An early season snowstorm, replete with blizzard conditions, buried parts of the western High Plains and northern Rockies with several feet of snow during the period Oct. 4 – Oct. 5, 2013. Four feet of the white stuff was measured at Deadwood, SD, while 43 inches of snow was reported at Lead, SD, both near Rapid City. One to two feet of snow was reported at many locations across western South Dakota and eastern Wyoming.
For Rapid City, this storm provided the greatest snowfall for any single October day within a more than 100-year period of record. The 19.0 inches easily eclipsed the second place snowfall record of 9.9 inches set back on Oct. 19, 1919. It was also the third greatest single day snowfall event across all months.
Casper (in eastern Wyoming) established numerous records or near records due its 16.2-inch storm total. These included:
• Biggest snowstorm so early in the season (previously was 18.7 inches for Oct. 16 – 17, 1998)
• Third greatest October snowstorm and tenth greatest snowfall of any month (based on records beginning in 1937)
• Record daily snowfall of 12.4 inches on Fri., Oct. 4 broke the previous record of 3.2 inches in 2005
The snow:liquid water content of the snow was roughly 10:1, a large value for this normally moisture-starved region.
Winds during the main storm event gusted to 71 miles per hour at Ellsworth Air Force Base and 70 miles per hour near Bison and Usta, both in western South Dakota.
Unseasonably cold temperatures and biting wind chills made the snowstorm event even more noteworthy.
Although the snowstorm/blizzard was spectacular and record-breaking (hence newsworthy), it is important to place it in seasonal perspective. To do this, I examined contiguous U.S. snow cover for the morning of Oct. 6 for the period 2003 – 2013 (11 years) using data from NOAA’s National Operational Hydrologic Remote Sensing Center (NOHRSC). NOHRSC is the keeper of snow records and provides a daily snow coverage map using satellite imagery, surface snow reports and aerial transits across selected locations. I did not look at snow depth or water equivalent maps at this time. Figure 1 shows the snow coverage for Oct. 6 for these 11 years.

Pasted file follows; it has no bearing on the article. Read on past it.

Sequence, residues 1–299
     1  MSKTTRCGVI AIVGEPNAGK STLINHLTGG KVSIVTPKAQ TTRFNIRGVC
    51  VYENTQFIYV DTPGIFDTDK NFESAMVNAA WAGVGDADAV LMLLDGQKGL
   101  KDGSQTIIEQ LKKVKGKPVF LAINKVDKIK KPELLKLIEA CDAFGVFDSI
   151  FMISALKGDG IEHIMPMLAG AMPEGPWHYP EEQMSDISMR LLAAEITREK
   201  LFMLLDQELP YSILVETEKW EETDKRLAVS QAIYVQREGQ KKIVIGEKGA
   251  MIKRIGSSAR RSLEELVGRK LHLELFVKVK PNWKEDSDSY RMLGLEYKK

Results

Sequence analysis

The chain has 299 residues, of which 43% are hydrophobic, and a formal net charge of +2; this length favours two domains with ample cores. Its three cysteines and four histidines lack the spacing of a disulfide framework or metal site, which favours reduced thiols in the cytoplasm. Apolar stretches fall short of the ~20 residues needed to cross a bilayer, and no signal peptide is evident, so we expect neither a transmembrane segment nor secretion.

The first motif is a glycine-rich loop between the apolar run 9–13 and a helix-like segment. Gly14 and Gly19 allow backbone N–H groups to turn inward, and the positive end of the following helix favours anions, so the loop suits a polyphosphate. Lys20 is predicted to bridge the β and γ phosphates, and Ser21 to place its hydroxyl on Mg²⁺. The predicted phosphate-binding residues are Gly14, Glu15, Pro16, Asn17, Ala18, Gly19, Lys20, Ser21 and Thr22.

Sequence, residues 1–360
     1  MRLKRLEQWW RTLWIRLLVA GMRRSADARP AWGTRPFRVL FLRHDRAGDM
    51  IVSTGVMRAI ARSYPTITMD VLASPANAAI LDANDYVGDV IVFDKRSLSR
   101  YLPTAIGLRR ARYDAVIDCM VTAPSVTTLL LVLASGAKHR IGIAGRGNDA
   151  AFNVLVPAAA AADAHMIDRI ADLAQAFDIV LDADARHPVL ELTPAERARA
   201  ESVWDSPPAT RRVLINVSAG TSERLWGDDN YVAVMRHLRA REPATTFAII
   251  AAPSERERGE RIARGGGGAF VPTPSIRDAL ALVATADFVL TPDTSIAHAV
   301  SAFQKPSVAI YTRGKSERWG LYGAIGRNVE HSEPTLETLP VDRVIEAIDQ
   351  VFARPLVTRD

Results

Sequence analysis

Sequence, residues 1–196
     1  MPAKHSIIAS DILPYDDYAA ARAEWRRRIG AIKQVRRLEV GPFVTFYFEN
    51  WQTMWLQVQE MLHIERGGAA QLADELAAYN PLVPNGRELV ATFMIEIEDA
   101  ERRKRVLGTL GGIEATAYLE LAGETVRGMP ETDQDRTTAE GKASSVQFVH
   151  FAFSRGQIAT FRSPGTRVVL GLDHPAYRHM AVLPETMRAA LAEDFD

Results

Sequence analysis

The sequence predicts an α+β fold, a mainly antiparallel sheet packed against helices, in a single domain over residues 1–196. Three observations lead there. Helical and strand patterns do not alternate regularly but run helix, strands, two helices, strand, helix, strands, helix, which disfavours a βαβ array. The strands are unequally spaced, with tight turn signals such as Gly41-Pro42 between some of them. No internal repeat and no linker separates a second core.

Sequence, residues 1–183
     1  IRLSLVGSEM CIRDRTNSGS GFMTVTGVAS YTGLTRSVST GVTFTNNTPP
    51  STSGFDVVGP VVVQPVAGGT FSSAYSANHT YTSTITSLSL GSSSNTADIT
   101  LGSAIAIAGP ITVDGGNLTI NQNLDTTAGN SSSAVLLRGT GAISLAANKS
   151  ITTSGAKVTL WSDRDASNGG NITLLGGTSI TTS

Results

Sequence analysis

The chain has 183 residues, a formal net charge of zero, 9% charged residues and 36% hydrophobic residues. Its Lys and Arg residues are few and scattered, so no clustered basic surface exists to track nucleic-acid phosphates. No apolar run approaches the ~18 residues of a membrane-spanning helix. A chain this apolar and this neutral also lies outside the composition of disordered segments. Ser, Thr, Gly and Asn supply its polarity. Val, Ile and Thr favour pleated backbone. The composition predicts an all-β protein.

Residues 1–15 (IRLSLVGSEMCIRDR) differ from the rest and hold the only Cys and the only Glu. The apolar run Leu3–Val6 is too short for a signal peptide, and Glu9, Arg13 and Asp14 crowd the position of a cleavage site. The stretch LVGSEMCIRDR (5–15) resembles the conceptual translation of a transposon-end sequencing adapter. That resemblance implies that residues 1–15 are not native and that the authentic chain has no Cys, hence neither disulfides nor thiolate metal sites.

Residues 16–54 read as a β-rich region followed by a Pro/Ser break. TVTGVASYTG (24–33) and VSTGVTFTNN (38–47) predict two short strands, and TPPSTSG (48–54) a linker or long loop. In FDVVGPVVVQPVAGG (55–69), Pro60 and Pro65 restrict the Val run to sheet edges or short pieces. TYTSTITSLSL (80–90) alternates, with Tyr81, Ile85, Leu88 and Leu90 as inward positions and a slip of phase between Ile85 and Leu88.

During the 11-year period (that is all the data that was available), average contiguous U.S. snow coverage on Oct. 6 was 3.46%. For the early morning of Oct. 6, 2013, coverage was at 7.3%. The greatest coverage for the 11-year period was 9.6% in 2009; 2005 saw the second greatest coverage at 8.3%. Four years out of the 11 saw at least 7% coverage; five of the 11 years saw 0.4% or less. Most of the years with extensive snow cover for the date had snow coverage in roughly the same area (South Dakota and Wyoming) as the snow event of 2013.
It is clear that while snow events at this early date are not unusual, especially for the South Dakota and Wyoming area that was affected, the magnitude of the event was definitely extreme.
Given the drought that has affected the region, one can only view this event in a positive light. Computer models and associated weather forecasts for the rest of the upcoming seven days bring two storm systems out into the western High Plains. These systems are expected to be wet ones, too, with one to two inches of liquid / melted precipitation anticipated for South Dakota, North Dakota and Wyoming during the seven-day period. If this is the case, October could be moving toward a record-breaking rainfall month across the western High Plains and northern Rockies.
© 2013 H. Michael Mogil